Declaring that deals have officially “jumped the shark” could well be an overstatement, considering that revenues are still on the uptick (BIA/Kelsey forecasts that the U.S. market will grow to $5.5 billion by 2016) and hundreds of companies continue to invest in the channel. However, the broad deals market is clearly evolving and segmenting in new ways, a topic explored during an ILM West superforum.
Merchant loyalty programs are seen as the next “white space.” BIA/Kelsey estimates that independent loyalty and transaction-based platforms have raked in $222 million in investment capital since 2008. One early leader is Five Stars, which CEO Victor Ho says will integrate with 95 percent of point-of-sale systems (a major value proposition, if true, in the fragmented POS landscape). Through the card issued to merchants across Five Stars’ network, participating businesses can see all transactions that go through “down to the line item.” There are integrated marketing components as well, with auto-posting to Facebook and e-mail and SMS campaigns driven by the transaction data.
Perry Evans at Closely is working on a full SMB dashboard product that includes promotions, loyalty and competitive intelligence. The latest rollout, Perch, gives a “birds-eye view of what’s happening in your marketplace,” showing a live feed of how a business and its competitors are posting and engaging across several social networks and local sites (Yelp, Twitter, Facebook, Foursquare and others). This starting point provides SMBs with a “frame of reference for their participation” through promotions, offers and other forms of customer contact.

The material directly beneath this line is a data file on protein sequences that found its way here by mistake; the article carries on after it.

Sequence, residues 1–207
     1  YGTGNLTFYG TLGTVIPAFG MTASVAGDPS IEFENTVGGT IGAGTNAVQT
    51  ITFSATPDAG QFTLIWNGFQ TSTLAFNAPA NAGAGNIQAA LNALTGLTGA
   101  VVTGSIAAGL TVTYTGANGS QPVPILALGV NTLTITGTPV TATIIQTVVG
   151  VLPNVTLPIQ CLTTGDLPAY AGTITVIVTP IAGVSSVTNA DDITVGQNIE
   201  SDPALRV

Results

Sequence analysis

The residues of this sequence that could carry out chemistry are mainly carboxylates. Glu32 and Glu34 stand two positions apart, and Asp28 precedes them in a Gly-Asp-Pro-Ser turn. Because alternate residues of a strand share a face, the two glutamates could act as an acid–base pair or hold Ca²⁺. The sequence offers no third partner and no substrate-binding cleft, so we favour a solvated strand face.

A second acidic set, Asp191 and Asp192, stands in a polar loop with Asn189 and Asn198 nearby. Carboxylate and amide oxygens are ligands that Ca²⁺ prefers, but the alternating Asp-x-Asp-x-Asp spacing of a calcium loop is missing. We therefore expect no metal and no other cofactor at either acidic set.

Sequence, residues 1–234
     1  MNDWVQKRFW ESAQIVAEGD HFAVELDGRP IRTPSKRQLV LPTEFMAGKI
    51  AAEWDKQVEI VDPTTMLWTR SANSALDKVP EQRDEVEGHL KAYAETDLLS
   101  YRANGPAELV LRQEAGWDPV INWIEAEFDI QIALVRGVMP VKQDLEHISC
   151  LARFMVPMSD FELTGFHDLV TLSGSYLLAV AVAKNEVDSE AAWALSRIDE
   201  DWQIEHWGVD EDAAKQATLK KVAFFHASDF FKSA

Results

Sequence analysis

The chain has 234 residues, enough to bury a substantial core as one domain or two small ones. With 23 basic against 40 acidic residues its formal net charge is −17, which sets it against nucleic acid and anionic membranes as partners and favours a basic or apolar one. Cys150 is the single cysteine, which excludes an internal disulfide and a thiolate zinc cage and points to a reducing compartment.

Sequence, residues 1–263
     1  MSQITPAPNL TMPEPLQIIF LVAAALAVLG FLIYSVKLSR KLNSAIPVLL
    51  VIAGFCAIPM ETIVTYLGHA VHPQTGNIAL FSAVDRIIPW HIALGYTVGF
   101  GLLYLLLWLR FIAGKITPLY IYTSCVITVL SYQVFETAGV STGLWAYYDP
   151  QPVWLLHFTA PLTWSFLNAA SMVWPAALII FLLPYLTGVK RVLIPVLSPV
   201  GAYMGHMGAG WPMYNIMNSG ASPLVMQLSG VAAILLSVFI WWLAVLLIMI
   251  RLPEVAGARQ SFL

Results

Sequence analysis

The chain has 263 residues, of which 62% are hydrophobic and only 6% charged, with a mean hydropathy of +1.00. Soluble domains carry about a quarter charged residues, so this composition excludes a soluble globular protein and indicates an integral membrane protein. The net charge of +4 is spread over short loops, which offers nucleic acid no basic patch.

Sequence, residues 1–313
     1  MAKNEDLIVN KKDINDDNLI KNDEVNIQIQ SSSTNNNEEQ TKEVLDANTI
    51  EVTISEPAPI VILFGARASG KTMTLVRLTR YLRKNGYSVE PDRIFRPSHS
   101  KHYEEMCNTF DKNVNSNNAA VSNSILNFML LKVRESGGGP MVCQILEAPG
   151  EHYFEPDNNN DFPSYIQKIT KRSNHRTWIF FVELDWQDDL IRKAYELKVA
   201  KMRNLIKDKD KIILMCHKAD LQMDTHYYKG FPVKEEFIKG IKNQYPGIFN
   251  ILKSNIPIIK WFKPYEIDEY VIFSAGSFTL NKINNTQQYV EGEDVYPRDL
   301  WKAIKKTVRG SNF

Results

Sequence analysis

Following the adage “what’s old is new again,” another sector seeing uptake as the luster of deals subsides is online couponing. DataSphere SVP Gary Cowan calls coupons ‘deals’ before there were deals, and positioned them as a strong option because the content is the ad and exists down in the decision funnel.
Valpak, which has long controlled massive volumes of rich local coupon content through its well-known direct mail brand, is now pushing this asset progressively across platforms with several mobile initiatives, including Apple Passbook integration. What was once a traditional direct mail company is now “transforming into multi-media distribution,” according to President Michael Vivio. Meanwhile, Valpak’s acquisition of Savings.com layers national coupons on top of its existing local content assets.
But don’t forget about deals. The original “daily deal,” with its massive discounts and huge margin splits, is evolving into more merchant-friendly models. Constant Contact’s SaveLocal, for instance, gives merchants full control over their deals and only collects a couple of dollars, says GM Dave Gilbertson. Meanwhile, with inevitable market consolidation and sales force contraction (e.g., Groupon pulling feet-on-street sellers to manage costs), Second Street President Matt Coen sees benefits for media companies with brand advantages that can offer full, long-term solutions. “Those that diversify will be strongest.”